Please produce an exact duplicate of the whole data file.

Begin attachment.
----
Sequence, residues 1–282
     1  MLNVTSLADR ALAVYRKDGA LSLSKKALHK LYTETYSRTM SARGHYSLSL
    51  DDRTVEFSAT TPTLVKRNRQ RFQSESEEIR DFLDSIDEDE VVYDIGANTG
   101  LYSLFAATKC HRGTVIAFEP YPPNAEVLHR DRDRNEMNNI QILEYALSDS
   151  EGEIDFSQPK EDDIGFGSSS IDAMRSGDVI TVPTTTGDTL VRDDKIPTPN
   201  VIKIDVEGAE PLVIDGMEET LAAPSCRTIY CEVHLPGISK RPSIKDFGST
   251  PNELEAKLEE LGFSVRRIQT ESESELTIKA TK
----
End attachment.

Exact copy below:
Sequence, residues 1–282
     1  MLNVTSLADR ALAVYRKDGA LSLSKKALHK LYTETYSRTM SARGHYSLSL
    51  DDRTVEFSAT TPTLVKRNRQ RFQSESEEIR DFLDSIDEDE VVYDIGANTG
   101  LYSLFAATKC HRGTVIAFEP YPPNAEVLHR DRDRNEMNNI QILEYALSDS
   151  EGEIDFSQPK EDDIGFGSSS IDAMRSGDVI TVPTTTGDTL VRDDKIPTPN
   201  VIKIDVEGAE PLVIDGMEET LAAPSCRTIY CEVHLPGISK RPSIKDFGST
   251  PNELEAKLEE LGFSVRRIQT ESESELTIKA TK